For parents of children approaching puberty, there is no textbook – or really any guidance, for that matter – on how to approach conversations around menstruation. These talks can sometimes be fraught with discomfort or may be avoided altogether, leaving young people to navigate the uncertainties and complexities about their periods with little help or support.

Even schools and pediatricians often fail to adequately address menstrual health education, writes Marni Sommer, a sociomedical researcher who has been studying young people’s experiences related to menstruation for nearly 20 years. Yet menstrual health is a critically important part of a person’s overall health, she notes. And for young people of reproductive age, understanding the complexities of menstruation has taken on new urgency in the post-Roe world.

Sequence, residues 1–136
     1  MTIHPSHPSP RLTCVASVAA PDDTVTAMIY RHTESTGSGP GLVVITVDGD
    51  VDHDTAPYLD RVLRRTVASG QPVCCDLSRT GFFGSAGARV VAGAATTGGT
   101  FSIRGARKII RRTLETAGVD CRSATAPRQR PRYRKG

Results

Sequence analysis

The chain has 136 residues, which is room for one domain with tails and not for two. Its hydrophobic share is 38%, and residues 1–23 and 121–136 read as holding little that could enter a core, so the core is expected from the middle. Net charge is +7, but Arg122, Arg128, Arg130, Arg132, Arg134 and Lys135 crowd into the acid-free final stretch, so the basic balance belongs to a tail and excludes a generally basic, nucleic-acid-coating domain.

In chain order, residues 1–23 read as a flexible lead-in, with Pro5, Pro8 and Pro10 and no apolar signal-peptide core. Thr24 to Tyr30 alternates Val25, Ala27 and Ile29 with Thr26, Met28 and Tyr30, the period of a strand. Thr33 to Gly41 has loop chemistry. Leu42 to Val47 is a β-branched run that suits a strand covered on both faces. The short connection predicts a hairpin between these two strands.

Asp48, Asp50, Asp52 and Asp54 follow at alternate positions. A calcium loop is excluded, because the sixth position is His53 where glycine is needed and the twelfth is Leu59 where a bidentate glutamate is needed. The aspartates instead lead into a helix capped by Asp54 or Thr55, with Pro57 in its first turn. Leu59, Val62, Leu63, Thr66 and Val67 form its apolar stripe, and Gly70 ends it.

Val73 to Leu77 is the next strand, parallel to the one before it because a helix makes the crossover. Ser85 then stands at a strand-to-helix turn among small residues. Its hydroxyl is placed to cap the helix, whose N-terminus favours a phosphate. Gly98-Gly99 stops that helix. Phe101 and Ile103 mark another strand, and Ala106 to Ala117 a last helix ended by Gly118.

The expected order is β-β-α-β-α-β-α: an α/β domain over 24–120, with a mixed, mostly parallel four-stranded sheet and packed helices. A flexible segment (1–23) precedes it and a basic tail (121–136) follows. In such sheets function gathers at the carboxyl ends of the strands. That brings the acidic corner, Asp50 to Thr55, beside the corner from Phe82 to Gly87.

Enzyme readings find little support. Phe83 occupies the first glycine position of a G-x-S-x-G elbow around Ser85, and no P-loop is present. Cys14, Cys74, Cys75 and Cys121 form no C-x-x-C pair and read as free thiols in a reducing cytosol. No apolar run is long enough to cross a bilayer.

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Amanda Mascarelli

Senior Health and Medicine Editor

Many young people receive limited guidance about what to expect as they near menstruation. SolStock/E+ via Getty Images

The US lacks adequate education around puberty and menstruation for young people – an expert on menstrual health explains

Marni Sommer, Columbia University

Research shows that many girls are in elementary school when they have their first period. But often they have not received adequate health education.

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